Oxygen (ml/l): 3.526 - 6.300
  Phosphate (umol/l): 0.124 - 1.339
  Silicate (umol/l): 1.657 - 16.452

Graphical representation

Depth range (m): 6 - 1289

Temperature range (°C): 3.798 - 24.310

Nitrate (umol/L): 0.663 - 23.726

Salinity (PPS): 32.865 - 36.472

Oxygen (ml/l): 3.526 - 6.300

Phosphate (umol/l): 0.124 - 1.339

Silicate (umol/l): 1.657 - 16.452
 
Note: this information has not been validated. Check this *note*. Your feedback is most welcome.

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Depth: 0 - 1390m.
Recorded at 1390 meters.

Habitat: demersal. Occurs on the outer continental shelf and the the upper slope. Feeds on small bottom fishes, crustaceans and bivalves. Ovoviviparous. Will bite when captured and can inflict nasty lacerations with its traplike jaws and pointed teeth. Ovoviviparous.
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Migration

Non-Migrant: No. All populations of this species make significant seasonal migrations.

Locally Migrant: No. No populations of this species make local extended movements (generally less than 200 km) at particular times of the year (e.g., to breeding or wintering grounds, to hibernation sites).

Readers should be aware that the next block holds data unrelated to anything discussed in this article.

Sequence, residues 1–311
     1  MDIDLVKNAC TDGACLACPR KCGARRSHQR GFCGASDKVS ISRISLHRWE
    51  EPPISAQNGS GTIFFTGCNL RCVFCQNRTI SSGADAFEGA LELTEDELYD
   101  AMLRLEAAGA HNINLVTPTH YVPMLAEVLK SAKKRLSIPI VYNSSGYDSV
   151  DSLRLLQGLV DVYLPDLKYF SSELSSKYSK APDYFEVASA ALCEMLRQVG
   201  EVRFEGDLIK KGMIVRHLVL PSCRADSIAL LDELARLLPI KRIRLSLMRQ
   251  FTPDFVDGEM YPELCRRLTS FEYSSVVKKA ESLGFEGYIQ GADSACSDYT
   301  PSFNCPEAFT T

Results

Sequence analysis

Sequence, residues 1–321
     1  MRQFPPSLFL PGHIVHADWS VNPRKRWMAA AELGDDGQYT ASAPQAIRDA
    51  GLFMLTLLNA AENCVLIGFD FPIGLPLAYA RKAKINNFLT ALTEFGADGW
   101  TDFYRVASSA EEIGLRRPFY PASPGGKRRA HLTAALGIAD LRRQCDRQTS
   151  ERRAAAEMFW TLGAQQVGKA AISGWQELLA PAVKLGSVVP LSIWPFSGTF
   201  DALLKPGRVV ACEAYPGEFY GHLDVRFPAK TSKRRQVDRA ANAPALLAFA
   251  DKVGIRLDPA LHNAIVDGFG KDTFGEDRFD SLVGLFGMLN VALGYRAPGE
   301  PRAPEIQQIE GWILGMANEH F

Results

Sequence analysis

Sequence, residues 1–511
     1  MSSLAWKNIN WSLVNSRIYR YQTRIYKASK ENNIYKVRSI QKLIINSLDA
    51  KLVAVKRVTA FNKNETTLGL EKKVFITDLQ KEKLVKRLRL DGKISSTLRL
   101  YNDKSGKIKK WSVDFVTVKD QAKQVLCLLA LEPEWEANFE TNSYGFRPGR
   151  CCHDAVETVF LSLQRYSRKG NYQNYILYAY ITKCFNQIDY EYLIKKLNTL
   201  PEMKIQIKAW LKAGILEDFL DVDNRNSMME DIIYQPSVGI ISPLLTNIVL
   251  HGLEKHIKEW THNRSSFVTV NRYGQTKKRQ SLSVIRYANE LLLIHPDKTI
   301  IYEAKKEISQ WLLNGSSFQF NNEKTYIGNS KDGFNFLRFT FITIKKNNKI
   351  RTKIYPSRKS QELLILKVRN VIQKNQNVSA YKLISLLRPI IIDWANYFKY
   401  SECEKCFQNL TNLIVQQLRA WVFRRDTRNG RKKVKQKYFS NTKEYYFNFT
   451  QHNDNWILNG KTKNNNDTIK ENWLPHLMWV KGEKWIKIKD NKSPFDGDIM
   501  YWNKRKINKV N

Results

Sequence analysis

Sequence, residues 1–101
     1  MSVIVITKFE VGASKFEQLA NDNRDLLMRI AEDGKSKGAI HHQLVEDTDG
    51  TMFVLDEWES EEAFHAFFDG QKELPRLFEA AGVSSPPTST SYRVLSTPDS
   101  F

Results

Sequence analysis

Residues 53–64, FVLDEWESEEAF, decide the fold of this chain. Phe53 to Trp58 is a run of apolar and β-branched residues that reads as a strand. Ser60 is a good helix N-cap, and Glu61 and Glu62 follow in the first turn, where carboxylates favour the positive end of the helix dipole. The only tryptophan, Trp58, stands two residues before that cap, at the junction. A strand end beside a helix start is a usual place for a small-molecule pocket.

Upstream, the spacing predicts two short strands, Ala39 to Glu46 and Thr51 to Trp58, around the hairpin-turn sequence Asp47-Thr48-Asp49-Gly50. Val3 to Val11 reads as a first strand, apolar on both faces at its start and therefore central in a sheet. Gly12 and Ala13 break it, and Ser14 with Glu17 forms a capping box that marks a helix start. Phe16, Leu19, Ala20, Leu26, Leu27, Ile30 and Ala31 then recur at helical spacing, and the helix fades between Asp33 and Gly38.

Locally Migrant: No. No populations of this species make annual migrations of over 200 km.

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Trophic Strategy

Occurs on the outer continental shelf and the upper slope. Feeds on small bottom fishes, crustaceans and bivalves.
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Life History and Behavior

Life Cycle

Ovoviviparous, embryos feed solely on yolk (Ref. 50449).
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Molecular Biology and Genetics

Molecular Biology

Barcode data: Squatina dumeril

The following is a representative barcode sequence, the centroid of all available sequences for this species.


There are 12 barcode sequences available from BOLD and GenBank.  Below is a sequence of the barcode region Cytochrome oxidase subunit 1 (COI or COX1) from a member of the species.  See the BOLD taxonomy browser for more complete information about this specimen and other sequences.